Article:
Tag Archives: History

Time Travel Kitchen

I’ll tell you what: If we must label it, let’s call it “Neo-Victorian” from the start, since there’s nothing punk about these steamy dishes.

But whatever you call it, if you’ve a taste for scrumptious historical cooking, Time Travel Kitchen is about the best damn thing ever.

Author Gail Carriger tipped me off to this one when she bubbled over about the Kitch’s assault on “Vermicelli Soup, Jugged Hare, Vegetables, Bread and Butter Pudding,” taken from the esteemed Ms. Carriger’s favorite cookbook, 1876’s Things a Lady Would Like to Know.

As if cooking up comestibles from the Allan Quatermain era wasn’t enough…

(READ THE REST OF THIS POST ON TECHYUM)

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The Holsman High-Wheeler

 

Creative Commons image by James Tworow

I love the Brass Era of automobile manufacturing, and the Holsman High-Wheeler in particular. The Brass Era is one of the names for the pre-World War I period when cars were fielded with many brass fittings. The Holsman model was part of a class of American cars known as high wheelers that were shaped, more or less, like the earlier horse-drawn buggies. Their high wheels (with solid rubber tires) made it easier to drive over the very rough roads that had been designed for horses, and for horse-drawn carriages with wooden wheels. Many of those tracks still had the ruts left by said wooden wheels. (READ THE REST OF THIS POST ON TECHYUM.)

High Wheels Travel All Roads Because All Roads Are Made To Be Traveled By High Wheels.”

A Million Random Digits


One of the projects of the quasi-government think tank the RAND corporation shortly after its formation in the 1940s was research into the generation of random numbers.

This generated the publication of a book that seems like a great choice for any true weirdo on your holiday list: The 1955 hardcover A Million Random Digits with 100,000 Normal Deviates.

…having primarily aesthetic interests, that’s not what I give a damn about anyway. What I love are the Amazon reviews of the book’s 2001 paperback reissue, like this one by “Roy“:

If you like this book, I highly recommend that you read it in the original binary. As with most translations, conversion from binary to decimal frequently causes a loss of information and, unfortunately, it’s the most significant digits that are lost in the conversion.

(READ THE REST OF THIS POST ON TECHYUM).

Good Fun With Knothole-Grable

Public domain US Department of Energy image from the Grable shot.

Having enjoyed numerous evenings of relatively undisturbed sleep during the several months I’ve been writing a novel about pus-spewing dead things that want to eat my face, I decided this just wouldn’t do.

I thought, “Hey, let’s talk about nuclear war!”

Disgusted by the Reagan-era neutron-bomb-apologism of the one post-nuke survival book available at my local library, I turned to my favorite sleep-killer, Wikipedia, where I’ve often cured my insomnia by purging myself of any desire to ever close my eyes again.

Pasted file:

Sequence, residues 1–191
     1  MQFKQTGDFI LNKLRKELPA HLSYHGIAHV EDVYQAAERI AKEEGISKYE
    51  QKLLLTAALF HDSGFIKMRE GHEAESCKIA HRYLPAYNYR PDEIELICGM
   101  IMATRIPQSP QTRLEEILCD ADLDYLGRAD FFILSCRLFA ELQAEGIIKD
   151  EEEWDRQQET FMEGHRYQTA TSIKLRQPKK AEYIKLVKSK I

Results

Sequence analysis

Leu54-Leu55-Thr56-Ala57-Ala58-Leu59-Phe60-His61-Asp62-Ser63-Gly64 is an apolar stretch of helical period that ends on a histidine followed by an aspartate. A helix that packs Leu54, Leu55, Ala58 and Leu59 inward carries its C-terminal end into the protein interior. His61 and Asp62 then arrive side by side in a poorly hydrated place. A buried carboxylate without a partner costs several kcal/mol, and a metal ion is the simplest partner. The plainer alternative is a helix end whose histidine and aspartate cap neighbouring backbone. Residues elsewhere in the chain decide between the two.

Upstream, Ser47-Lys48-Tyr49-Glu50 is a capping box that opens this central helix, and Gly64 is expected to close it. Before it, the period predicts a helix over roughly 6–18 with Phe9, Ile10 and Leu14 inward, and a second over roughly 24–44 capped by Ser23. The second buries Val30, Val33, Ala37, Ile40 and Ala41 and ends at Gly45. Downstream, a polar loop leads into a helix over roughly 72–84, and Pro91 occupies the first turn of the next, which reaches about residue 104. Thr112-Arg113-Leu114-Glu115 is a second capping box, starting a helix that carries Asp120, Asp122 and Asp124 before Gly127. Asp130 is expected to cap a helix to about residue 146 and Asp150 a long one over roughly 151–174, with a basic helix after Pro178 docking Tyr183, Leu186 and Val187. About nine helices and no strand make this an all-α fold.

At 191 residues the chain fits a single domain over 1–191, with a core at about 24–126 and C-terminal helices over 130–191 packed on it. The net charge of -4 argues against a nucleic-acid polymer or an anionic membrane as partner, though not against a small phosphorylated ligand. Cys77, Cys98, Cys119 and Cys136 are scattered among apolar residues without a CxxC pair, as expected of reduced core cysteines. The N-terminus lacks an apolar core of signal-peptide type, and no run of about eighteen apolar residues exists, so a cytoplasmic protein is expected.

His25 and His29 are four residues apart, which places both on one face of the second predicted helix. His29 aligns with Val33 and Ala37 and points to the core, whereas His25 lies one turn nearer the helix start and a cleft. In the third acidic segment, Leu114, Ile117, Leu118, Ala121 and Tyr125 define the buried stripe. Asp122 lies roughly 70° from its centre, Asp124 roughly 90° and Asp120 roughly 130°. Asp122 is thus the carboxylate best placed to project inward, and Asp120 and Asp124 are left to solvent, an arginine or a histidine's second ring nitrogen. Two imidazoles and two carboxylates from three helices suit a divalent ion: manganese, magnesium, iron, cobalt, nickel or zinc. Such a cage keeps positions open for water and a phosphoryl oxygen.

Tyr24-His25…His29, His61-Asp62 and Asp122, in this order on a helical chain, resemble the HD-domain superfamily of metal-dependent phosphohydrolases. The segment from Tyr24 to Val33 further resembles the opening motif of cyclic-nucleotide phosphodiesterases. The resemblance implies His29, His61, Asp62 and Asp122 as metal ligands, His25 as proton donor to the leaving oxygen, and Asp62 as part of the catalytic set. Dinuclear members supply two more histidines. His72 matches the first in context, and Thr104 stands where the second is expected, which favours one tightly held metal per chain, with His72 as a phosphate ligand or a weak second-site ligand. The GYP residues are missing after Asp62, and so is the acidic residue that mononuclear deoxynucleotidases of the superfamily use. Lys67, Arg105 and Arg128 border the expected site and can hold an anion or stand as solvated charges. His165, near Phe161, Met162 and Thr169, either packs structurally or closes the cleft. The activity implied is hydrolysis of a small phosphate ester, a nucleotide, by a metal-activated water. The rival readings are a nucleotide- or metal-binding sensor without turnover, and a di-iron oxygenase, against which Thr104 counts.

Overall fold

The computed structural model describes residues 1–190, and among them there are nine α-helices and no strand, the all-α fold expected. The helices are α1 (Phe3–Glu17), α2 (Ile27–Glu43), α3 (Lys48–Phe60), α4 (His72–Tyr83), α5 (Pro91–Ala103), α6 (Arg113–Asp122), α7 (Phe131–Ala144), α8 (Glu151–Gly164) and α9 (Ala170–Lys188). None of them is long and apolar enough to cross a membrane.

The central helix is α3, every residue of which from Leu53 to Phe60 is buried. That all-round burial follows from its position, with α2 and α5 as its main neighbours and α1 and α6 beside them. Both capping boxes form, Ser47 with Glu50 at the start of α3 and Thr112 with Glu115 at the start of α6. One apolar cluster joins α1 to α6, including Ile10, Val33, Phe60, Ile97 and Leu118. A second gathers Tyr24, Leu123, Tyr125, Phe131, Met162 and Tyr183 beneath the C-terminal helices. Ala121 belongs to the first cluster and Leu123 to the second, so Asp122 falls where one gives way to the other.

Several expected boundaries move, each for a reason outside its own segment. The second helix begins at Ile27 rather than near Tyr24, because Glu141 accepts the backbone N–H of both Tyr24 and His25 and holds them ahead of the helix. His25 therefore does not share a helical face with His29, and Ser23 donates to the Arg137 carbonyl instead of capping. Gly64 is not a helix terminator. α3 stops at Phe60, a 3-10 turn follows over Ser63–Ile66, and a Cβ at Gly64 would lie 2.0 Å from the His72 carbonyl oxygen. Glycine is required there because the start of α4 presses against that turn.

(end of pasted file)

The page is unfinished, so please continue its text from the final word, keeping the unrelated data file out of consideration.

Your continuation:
It was there that I ran across the fascinating article on nuclear artillery, a concept whose time has surely passed, right? Wrong! (READ THE REST OF THIS POST ON TECHYUM)

Rothstein: The Life, Times, and Murder of the Criminal Genius Who Fixed the 1919 World Series by David Pietrusza

Near the end, I finally had to abandon this too-long, too-slow, too-discursive “biography” of Jewish gangster Arnold Rothstein, the guy who — as the subtitle (and The Godfather II, and every damn book and article about Rothstein) tells us, fixed the 1919 World Series

Rothstein is a fascinating figure and the times he lived in are amazing, and there are a lot of great anecdotes in this book. But I’m afraid the overall information is too random and all over the place; I have no sense of the bigger picture.

I have read over 100 books on organized crime, so when I read a new one I should have at least a vague sense from the first few chapters where this guy fits into the overall history of organized crime in the US.

I didn’t get that sense, here, and I got the distinct impression that it was because the author doesn’t really know.

In the early parts of this book, there are some great stories and discursive histories of other figures of the time. But it is RARE that I make it 3/4 of the way through a book and then not decide to finish it. There’s too little information about Rothstein, and too many detours along the way. I didn’t even get to his murder, and I’m not sure I care to even look that crap up on Wikipedia, I’m so disgusted by the whole experience.

My next option to learn about Rothstein is The Big Bankroll by Leo Katcher, which is something of a classic, or at least old. But my suspicion is that — as with many of the organized crime figures from early this century — there just isn’t enough info about Rothstein to warrant a full biography. He’s one of those figures who is incredibly important, but nobody’s 100% sure just why he’s important, except maybe the guys sleeping with the fishes.

Or, perhaps, why Rothstein’s important can’t be cooked down into a 3 or 400 page book. Maybe Rothstein’he’s just a force that weaves through the rest of the organized crime histories, especially of Jewish gangsters.

Anyway, a reasonably noble effort, but not much good for me either for entertainment or research.